The Germans attempted to make the prisoners seem like highly privileged inmates to the outsider, but in reality they were very much in suffering. Mrs. Berger grew wretchedly hungry, so hungry that Eva was sure her ribs would burst through her near translucent skin. Herschel returned to his sister and mother day after day warning them of possible deportations to other unknown destinations, many of them in the East. Friends they had made were growing thin as more were selected for transfers. Eva worried that Herschel or her mother would be sent without her, or she would be sent without them.
Mrs. Berger died in late 1942, almost a year after they had arrived. Night after night, and sometimes during the day, Eva plunged herself even further into her drawings. Some mornings she would wake to find that her creation from the night before was nothing more than a dark circle that she had drawn numerous times over and over again, like a black hole. It was the representation of her misery.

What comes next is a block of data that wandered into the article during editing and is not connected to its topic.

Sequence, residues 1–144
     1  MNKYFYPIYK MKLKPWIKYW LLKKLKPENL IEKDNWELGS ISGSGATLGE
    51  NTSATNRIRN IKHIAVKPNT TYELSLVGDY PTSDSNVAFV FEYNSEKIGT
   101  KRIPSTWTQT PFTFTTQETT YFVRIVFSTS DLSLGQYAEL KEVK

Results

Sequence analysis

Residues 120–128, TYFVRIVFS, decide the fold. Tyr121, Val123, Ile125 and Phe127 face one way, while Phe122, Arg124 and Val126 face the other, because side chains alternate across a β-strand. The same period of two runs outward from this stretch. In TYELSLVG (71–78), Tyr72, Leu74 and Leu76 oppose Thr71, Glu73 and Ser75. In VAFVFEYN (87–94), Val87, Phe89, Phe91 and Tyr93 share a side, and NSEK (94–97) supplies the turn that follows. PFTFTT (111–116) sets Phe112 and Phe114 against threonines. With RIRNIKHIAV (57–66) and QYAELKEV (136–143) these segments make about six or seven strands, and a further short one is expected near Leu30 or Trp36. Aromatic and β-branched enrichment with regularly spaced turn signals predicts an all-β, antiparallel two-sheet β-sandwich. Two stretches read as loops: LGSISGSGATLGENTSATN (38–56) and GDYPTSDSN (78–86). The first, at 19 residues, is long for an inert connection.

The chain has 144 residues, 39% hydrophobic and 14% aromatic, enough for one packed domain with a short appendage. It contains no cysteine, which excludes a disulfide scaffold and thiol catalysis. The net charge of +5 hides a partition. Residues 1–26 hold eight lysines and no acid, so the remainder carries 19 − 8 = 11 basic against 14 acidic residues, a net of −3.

Eva knew there were other artists within the camp, and she was witness to some of the many interesting works they had created, all obviously related to life at Theresienstadt. Some of the Czechs called the place Terezin, and they said that “nothing grows in Terezin.” They said, “I do not see birds in Terezin.” They painted and drew pictures, and wrote songs and poems about how life ceases to thrive in Terezin - that they were existing in a lifeless void, awaiting an inescapable fate that would surely come.
In late 1943, Herschel and Eva were sent to Auschwitz. After the grueling train ride to the camp, they arrived under cover of night to the sound of shouting and barking dogs. The siblings were immediately pulled off the car without the chance to grab what little belongings they had brought. Eva tried to hold onto Herschel, but he was torn away from her. She tried to fight her way back to him but the baton of an unseen S.S. guard was bludgeoning her so hard that she had no choice but to turn away and run with the current. She never saw Herschel again.